The writers guide to manuscript editing, preparation and submission.
‘Mini Style Guide’ Denise O’Hagan
With authors having more involvement in the editing and publishing processes than before, both in traditional publishing and self-publishing, this timely ‘Mini Style Guide’ from The Blue Nib’s Australia and New Zealand Poetry Editor, Denise O’Hagan, is designed to de-mystify the process and help writers present polished manuscripts.
Black Quill Press
This writers guide to manuscript editing, preparation and submission examines examples of good writing including differences between American, British, Australian and New Zealand English, commonly misused words, punctuation, writing styles and text layout including what to consider when choosing a font including the differences between layout on a screen or on a printed page, with sections on copyright and plagiarism.
Part two looks at how to present manuscripts for publication whether for self-publishing or traditional publishing. Part three looks at publishing options and how to choose which is best for you. Each chapter contains plenty real-life examples to illustrate the points being made. It also uses an explanatory approach rather than the dry, authoritarian tones found in style guides such as Hart’s.
The writing styles section does not attempt to straightjacket writers in to a perceived established style but offers advice on how to engage readers and target the writing for the readership. You might want your book to appeal to everyone, but trying to please everyone can result in a book that pleases no one. By understanding your readership, you can target you writing to the people who are going to buy it. The styles guide applies to both fiction and non-fiction. There’s a section on how to write inclusively to avoid unintended discrimination and when defining people or characters by gender, race, disability or other discriminatory distinctions is necessary. Copyright is considered both from a writer wishing to protect their copyright and a writer needing to know whether they can quote from someone else’s work and how to request permission if required. Plagiarism explores how it can occur, how it differs from copyright and discusses slander and libel.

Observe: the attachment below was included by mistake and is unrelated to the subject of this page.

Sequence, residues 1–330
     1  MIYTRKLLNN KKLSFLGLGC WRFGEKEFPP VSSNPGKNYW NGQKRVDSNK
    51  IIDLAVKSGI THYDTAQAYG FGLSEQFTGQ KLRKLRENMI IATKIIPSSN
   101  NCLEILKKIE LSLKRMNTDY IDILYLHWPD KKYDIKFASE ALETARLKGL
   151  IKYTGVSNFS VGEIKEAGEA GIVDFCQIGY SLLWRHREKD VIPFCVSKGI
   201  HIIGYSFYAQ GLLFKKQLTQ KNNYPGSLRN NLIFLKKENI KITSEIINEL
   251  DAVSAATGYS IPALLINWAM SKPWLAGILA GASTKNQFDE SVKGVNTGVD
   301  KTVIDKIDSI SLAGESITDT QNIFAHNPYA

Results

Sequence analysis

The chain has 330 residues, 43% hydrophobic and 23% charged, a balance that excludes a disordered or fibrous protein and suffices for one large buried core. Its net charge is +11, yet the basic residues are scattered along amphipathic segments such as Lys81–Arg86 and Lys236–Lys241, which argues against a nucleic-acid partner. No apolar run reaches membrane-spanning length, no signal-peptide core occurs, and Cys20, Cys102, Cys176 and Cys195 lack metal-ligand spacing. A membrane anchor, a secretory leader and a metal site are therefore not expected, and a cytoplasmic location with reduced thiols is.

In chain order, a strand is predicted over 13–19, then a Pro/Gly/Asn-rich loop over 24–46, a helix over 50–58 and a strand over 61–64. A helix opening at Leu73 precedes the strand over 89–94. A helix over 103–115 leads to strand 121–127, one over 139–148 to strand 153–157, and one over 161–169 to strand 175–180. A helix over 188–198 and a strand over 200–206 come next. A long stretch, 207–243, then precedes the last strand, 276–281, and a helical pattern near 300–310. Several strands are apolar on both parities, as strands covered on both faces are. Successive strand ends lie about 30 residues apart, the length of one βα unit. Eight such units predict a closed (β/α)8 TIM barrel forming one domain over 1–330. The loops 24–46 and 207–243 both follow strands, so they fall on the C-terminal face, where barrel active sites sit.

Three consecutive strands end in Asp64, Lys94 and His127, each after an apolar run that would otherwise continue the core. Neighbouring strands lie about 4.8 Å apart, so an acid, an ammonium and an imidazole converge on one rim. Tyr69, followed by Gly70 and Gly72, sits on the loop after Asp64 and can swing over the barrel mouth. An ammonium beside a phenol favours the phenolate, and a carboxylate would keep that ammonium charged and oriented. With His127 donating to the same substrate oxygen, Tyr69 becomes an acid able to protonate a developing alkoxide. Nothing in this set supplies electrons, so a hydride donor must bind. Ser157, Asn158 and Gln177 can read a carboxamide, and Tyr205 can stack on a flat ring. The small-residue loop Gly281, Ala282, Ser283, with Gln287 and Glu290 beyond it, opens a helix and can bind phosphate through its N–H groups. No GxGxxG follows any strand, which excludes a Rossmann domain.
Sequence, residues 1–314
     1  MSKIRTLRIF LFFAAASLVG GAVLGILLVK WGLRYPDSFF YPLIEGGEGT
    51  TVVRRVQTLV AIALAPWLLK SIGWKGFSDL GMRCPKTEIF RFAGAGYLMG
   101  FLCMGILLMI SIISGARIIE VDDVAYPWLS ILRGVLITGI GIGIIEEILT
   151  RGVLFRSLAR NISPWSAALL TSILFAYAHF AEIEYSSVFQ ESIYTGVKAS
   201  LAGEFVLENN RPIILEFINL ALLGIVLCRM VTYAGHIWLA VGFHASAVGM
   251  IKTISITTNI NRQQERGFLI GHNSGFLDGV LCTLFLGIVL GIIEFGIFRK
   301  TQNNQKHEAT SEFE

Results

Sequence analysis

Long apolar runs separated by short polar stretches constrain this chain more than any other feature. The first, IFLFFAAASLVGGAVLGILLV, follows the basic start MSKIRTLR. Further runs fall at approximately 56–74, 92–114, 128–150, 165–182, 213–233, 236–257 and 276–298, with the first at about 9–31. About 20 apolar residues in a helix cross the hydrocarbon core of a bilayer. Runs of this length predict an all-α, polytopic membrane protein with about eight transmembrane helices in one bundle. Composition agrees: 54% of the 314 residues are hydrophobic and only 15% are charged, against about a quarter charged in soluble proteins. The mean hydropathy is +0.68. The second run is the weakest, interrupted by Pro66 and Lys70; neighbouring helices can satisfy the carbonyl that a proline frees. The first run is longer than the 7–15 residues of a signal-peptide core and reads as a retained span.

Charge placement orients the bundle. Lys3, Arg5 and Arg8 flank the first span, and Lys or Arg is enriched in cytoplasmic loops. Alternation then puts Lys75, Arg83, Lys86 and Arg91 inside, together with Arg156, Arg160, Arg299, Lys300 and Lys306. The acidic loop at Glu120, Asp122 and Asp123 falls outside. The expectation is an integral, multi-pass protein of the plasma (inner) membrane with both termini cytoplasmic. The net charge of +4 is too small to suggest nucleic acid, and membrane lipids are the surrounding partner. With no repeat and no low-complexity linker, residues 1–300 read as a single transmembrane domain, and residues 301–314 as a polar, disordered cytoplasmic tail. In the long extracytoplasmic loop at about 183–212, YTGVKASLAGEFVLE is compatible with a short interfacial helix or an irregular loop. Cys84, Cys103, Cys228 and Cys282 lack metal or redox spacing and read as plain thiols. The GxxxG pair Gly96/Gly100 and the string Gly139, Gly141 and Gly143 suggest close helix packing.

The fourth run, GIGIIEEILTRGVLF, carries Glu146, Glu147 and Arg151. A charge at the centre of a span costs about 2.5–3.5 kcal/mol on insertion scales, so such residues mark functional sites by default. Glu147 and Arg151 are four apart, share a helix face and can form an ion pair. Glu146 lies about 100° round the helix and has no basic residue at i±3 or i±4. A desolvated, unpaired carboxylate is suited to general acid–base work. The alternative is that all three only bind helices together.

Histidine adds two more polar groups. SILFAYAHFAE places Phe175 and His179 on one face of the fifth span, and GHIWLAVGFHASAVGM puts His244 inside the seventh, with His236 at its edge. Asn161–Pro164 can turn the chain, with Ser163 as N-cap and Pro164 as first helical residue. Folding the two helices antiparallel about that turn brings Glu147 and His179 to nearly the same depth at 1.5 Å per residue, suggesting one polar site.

The second section contains useful tips for all writers seeking publication whether self-publishing or submitting work to an editor/publisher. Like the first section, it intends to give useful advice rather than dictate and explains the rationale behind the advice. It covers the order of pages in a book – it might seem obvious that the contents go near the front, but does the bibliography go before or after the index? There are also handy tips such as how to produce a style sheet to ensure your manuscript has consistent spelling, punctuation and presentation, such as when numbers are presented as figures or words, which compound words are hyphenated, etc., throughout and why, when quoting poems, line breaks must be kept intact. There’s also useful advice on how to deal with titles and qualifications, abbreviations, acronyms, numbers and currency, and how to organise lists, such as bullet points, bibliographies, etc. Illustrations, photos or artwork, and graphics such as graphs, tables, flowcharts are covered including whether the writer is supplying them or working with an illustrator.
The final section gives writers a checklist to ensure a manuscript is ready to be submitted either to a traditional publisher or to a printer for self-publishing. There’s lots of useful advice including about how traditional publishing works, whether you need a literary agent, whether a manuscript assessment service should be used, how to write a synopsis and covering letter. For self-publishers, the ‘Mini Style Guide’ covers differences in types of editing, what you need before you publish, e.g. ISBN, barcode, library cataloguing data, etc. and marketing your book.
To round off, there are appendices with useful templates for style sheets, covering letters, copyright permission requests, a glossary and a recommended reading section with dictionaries, guides to style and editing manuals.
Overall Denise O’Hagan’s ‘Mini Style Guide’ is a comprehensive overview of writing styles, what writers need to know about copyright and plagiarism, how to present a manuscript for traditional or self-publishing, the use of illustrations and graphics and how to market you book when published, which applies to both traditional and self-published writers. Its style is explanatory and inclusive and applies to fiction and non-fiction, covering everything from a thesis, articles, a technical handbook and all genres of fiction. The presentation makes it easy to either read in one go or dip into if you need to answer a specific question about when to use ‘complement’ or when an apostrophe is needed or what needs to go in a cover letter. The ‘Mini Style Guide’ is perfect for writers who want to maximise their chance of acceptance by presenting a professional manuscript or who want to avoid getting one-star reviews because readers could not understand a story presented with poor spelling and grammar.